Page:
13. History of the Town of Lyme by Charles R. and Harriet L. Knapp. Booklet .......$5.00 + $2.50 S. & H.
14. The “Ciscoe Chasers” of Chaumont Bay, Booklet. .......$5.00 + $2.50 S. & H.
15. A Historical Sketch of the Town of Cape Vincent, by Elizur N. Pratt, Booklet .......$5.00 + $2.50 S. & H.
16. Chaumont History through Old Postcards. There are about 80 old postcards of old Chaumont with commentary .....$15.00 + $3.00 S. & H.
17. Recipes and Reminiscences. Olde time recipes, curiosities, and pictures. ....... 10.00 + $3.50 S. & H.
18. Chaumont History through Old Postcards. About 80 old postcards of the Village of Chaumont with commentary. ....... $15.00 + $3.00 S. & H.
Be prepared to pay copying and mailing costs. Lyme Heritage has NO governmental support. A small donation may hurry your request, but understand that members of the extremely small staff have many other calls on their time, so be patient and courteous. As always, those two virtues bring their own reward!
In 1801, James D. Le Ray, at one time owner of much of Jefferson County, sent his agents to sell land in the present Town of Lyme. Traveling from Ulster County, they first went to Oswego, from whence they sailed to Chaumont Bay, following Mr. Le Ray's instructions, and then up the Chaumont River two and a half miles to found one of the first settlements north of the Black River. When they came back the next year, 1802, they found their first settlement flooded, and went on to settle what is now the village of Chaumont, surveying and laying out the village.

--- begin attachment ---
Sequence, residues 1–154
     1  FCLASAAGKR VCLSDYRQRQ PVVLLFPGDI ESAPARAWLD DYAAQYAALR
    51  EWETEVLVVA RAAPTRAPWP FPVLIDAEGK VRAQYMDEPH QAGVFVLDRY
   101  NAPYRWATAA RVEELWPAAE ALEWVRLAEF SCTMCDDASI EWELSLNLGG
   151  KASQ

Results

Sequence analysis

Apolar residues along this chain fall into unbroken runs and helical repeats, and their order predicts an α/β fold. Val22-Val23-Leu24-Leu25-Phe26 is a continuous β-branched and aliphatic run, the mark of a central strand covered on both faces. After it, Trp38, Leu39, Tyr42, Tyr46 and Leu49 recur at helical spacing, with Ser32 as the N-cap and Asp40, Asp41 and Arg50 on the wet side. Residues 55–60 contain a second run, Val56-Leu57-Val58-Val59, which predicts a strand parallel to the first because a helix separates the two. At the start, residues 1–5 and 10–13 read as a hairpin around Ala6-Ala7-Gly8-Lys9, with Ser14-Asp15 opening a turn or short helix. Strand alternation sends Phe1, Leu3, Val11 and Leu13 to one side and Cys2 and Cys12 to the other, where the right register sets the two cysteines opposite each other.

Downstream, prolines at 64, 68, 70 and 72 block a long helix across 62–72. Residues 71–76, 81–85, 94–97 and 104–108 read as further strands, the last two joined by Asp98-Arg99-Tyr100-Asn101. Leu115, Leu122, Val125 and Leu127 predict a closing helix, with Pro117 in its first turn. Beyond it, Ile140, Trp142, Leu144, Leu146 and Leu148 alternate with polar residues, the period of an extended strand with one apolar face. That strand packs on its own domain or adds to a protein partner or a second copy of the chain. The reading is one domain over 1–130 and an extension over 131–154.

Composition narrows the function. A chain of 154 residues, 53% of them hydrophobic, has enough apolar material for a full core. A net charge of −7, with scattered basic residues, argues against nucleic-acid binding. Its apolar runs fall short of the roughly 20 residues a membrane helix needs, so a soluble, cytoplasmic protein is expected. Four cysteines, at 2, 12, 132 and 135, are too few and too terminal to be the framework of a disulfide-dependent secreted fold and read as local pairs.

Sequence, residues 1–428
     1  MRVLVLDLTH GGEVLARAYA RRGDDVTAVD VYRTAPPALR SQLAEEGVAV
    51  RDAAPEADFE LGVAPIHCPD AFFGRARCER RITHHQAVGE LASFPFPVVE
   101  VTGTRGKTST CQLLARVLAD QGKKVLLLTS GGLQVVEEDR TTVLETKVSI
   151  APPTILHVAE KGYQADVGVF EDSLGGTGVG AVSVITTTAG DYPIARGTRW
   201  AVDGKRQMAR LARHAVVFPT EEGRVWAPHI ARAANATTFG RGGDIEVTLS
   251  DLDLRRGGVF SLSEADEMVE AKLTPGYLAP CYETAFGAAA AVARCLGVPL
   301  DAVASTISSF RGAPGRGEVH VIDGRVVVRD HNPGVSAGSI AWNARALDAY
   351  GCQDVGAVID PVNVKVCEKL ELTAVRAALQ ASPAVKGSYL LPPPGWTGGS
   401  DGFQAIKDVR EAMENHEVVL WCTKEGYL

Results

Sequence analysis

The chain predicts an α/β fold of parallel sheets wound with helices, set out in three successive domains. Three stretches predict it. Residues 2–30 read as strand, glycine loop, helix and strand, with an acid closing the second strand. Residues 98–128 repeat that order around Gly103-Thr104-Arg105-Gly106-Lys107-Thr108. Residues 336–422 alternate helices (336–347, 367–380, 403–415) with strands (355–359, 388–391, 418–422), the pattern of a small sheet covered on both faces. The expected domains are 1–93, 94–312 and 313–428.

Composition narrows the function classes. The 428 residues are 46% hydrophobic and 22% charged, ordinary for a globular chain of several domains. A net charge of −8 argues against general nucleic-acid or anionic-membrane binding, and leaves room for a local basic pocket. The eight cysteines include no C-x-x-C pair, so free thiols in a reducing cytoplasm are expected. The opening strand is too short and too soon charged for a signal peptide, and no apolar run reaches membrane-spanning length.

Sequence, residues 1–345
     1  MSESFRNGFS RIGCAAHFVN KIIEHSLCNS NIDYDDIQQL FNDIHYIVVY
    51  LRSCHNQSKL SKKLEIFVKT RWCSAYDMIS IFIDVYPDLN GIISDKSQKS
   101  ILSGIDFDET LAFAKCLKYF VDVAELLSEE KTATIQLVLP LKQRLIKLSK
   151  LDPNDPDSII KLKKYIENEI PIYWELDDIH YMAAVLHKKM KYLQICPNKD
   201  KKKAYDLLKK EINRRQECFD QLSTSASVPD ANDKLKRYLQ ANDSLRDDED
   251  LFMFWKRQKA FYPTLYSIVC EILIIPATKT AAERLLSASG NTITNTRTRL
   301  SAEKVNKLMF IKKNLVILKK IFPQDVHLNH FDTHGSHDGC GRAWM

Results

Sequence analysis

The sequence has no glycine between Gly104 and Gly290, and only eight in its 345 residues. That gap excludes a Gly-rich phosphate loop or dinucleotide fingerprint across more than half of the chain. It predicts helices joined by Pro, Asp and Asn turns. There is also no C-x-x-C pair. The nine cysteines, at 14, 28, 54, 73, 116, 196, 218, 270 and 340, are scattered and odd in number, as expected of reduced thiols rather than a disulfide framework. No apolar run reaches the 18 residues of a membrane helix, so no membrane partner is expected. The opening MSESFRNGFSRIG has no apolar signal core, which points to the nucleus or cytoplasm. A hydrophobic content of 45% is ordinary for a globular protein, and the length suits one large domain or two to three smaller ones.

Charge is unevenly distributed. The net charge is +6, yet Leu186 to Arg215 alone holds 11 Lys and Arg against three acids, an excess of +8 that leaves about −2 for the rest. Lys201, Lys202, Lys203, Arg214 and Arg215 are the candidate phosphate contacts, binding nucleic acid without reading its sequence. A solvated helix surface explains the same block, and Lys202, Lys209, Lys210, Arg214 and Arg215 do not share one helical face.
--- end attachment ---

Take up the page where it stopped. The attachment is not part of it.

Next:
The township was created 6 March 1818, containing all of present day Lyme as well as Cape Vincent and a piece of Clayton. Today's Lyme covers about fifty square miles, and lies north of the Town of Brownville, west of Clayton and south of Cape Vincent. Chaumont Bay, with Point Salubrious, Three Mile Point and Point Peninsula, gives the Town of Lyme a long waterfront, today crowded with summer homes. Guffin's Bay is shared by the Towns of Brownville and Lyme. Cherry Island, about 108 acres, lies about half a mile off Point Salubrious, in Chaumont Bay. The principal waterways are Three Mile Creek (once called Horse Creek) and the Chaumont River, which reaches from Lyme through Clayton and into the Town of Orleans.
Centers of population include Chaumont, the chief village, Three Mile Bay village at the mouth of Three Mile Creek, and Wilcoxville, a small hamlet on the east side of Point Peninsula.
From the 1864 Jefferson County Atlas: a summary of statistics for Lyme ACRES OF LAND Improved 20,803 Unimproved 8,109 VALUATION Real Estate 380,453 Personal Property 38,734 Total 419,187 POPULATION Males 1,385 Females 1,353 Number of Dwellings 416 Number of Families 580 Freeholders 325 SCHOOLS Number of Districts 17 Children Taught 987 LIVE STOCK Horses 857 Working Oxen and Calves 1,370 Cows 1,716 Sheep 2,379 Swine 982 AGRICULTURAL PRODUCTS Bushels of Grain Winter 5,306 Spring 120,380 1/2 Tons of Hay 4,731 Bushels of Potatoes 6,870 Bushels of Apples 4,475 Dairy Products Pounds of Butter 120,497 Pounds of Cheese 91,716 YARDS OF DOMESTIC MANUFACTURE 2,289
Names of the Early Settlers
ANGEL, David W.
BARNES, George A.
BARNES, George H.
COMBS, George W.
CROSSELMAN, Frederick Jr
DUNHAM, Noah Sr
EMPEY/EMPIE, Jacob P.
FALL, Henry Hatevil
FOX, Christopher |
GAIGE, P. P.
GRANNIS, Samuel J.
MAYHEW, Peter V.
RECTOR, Peter |
ST. ORES, Jacob
WATKINS, RANSOM D.
If you have any questions or comments about this page, please contact: Nancy DixonReturn to Jefferson County Genweb Page
Copyright 2009 Jefferson County NYGenWeb — a member of the NYGenWeb Project